But was there ever a drought or even a water shortage?

With over 70% of planet earth covered in the wet stuff, it seems the only scarcity is a proper economic value apportioned to water supply and distribution. Since the advent of the energy age, clean water can be purified and pumped vast distances.

Mass urbanisation in Gauteng, the economic powerhouse of Sub-Saharan Africa would have been impossible just 150 years ago. One should question the pessimists who predict future wars will be fought over water resources. Despite increasing population numbers, there is an emergent guardianship of natural resources. Desalination technology is well-established and electrical energy makes up about 90% of operating desalination costs. Renewable energy generation efficiencies and coastal areas offer the bounties of sunshine, wind and tidal flows. There will be purified water – at a market related cost.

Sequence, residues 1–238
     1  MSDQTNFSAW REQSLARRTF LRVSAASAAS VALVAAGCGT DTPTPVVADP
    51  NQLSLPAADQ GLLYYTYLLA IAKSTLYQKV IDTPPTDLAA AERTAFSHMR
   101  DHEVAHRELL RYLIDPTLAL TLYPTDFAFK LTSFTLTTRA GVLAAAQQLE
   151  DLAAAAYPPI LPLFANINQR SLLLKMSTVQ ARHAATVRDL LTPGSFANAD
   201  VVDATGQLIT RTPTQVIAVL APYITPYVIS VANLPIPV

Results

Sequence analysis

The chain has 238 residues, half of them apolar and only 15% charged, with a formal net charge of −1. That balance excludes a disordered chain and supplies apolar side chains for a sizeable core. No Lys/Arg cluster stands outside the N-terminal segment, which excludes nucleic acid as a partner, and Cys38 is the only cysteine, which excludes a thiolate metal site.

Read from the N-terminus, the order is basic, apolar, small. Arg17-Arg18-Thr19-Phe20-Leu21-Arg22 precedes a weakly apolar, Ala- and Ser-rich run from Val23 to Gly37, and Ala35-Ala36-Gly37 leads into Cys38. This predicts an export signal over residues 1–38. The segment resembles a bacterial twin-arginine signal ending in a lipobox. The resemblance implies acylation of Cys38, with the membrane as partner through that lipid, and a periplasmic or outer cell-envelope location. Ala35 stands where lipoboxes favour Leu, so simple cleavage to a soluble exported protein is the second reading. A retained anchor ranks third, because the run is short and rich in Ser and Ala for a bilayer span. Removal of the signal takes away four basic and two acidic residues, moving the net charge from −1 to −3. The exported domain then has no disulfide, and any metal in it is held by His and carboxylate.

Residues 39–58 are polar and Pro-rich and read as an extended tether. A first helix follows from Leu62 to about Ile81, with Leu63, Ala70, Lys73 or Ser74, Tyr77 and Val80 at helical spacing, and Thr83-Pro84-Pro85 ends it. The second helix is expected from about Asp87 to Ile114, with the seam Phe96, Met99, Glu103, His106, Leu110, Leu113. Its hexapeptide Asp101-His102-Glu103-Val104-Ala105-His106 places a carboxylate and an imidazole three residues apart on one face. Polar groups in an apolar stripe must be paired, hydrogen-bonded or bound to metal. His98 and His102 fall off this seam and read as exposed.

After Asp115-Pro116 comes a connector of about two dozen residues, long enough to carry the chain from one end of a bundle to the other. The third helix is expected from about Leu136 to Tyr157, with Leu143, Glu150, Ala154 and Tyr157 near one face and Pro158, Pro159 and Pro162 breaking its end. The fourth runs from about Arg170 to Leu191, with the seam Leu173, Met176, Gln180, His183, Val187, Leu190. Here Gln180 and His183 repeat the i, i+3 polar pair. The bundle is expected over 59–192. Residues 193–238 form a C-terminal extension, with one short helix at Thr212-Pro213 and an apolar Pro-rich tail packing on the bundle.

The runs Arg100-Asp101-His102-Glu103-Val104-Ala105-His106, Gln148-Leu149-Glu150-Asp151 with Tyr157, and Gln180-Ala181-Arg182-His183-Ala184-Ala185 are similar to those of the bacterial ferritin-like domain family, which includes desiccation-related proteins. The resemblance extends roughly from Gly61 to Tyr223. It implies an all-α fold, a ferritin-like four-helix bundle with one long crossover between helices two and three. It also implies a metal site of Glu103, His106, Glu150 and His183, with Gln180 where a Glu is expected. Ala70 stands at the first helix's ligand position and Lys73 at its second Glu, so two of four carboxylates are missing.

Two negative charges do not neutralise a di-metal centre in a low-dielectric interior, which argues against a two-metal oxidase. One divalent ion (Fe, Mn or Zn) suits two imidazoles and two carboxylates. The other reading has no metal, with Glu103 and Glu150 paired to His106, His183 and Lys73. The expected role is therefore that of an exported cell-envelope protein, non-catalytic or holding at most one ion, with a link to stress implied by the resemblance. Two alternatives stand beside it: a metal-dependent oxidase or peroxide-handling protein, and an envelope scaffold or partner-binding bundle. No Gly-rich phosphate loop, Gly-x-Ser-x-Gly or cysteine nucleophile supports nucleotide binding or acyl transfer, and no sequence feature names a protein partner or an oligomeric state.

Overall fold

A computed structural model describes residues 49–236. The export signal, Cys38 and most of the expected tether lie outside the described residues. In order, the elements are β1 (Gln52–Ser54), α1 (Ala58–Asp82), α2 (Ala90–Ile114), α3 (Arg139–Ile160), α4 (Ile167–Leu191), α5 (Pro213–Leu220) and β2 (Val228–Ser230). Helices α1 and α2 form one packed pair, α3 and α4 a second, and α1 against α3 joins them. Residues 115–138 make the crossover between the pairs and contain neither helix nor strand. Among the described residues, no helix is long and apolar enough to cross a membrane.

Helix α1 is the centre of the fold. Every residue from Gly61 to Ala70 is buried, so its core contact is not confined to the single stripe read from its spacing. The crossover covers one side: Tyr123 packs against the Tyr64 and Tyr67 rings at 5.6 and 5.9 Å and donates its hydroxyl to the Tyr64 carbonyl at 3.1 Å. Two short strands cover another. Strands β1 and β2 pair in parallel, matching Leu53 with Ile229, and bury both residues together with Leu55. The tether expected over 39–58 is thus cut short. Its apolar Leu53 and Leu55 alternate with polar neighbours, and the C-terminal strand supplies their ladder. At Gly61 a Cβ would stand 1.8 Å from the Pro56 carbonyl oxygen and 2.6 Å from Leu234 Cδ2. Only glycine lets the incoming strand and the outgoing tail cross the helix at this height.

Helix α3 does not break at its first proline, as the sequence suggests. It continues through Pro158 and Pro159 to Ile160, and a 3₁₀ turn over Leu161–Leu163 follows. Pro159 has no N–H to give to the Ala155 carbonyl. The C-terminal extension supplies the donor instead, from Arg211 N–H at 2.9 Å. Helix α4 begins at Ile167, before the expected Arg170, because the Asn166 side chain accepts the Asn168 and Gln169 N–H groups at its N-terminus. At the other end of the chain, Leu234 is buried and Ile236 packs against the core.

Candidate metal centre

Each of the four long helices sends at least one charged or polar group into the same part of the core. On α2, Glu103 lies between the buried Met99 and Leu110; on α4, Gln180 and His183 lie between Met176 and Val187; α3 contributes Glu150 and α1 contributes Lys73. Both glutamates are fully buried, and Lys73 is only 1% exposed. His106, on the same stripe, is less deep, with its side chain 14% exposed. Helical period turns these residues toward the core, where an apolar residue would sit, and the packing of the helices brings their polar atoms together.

Business is a difficult endeavour. The outward veneer of a successful enterprise often hides the stresses, sacrifices and hard work which comprise the endless narrative of running an organisation.

Between the demands of society, regulation and the need to innovate and remain competitive there are few certainties.

One certainty however, is the concept of sequential cycles – the knowingness that as bad as things may seem, they will improve. Seasons of abundance follow famines, and vice-versa.  From the earliest records, we surmise that humans are not always suited to thinking beyond the immediate.  Those who are able to live the cycles of abundance and scarcity have an immeasurable advantage over those who don’t.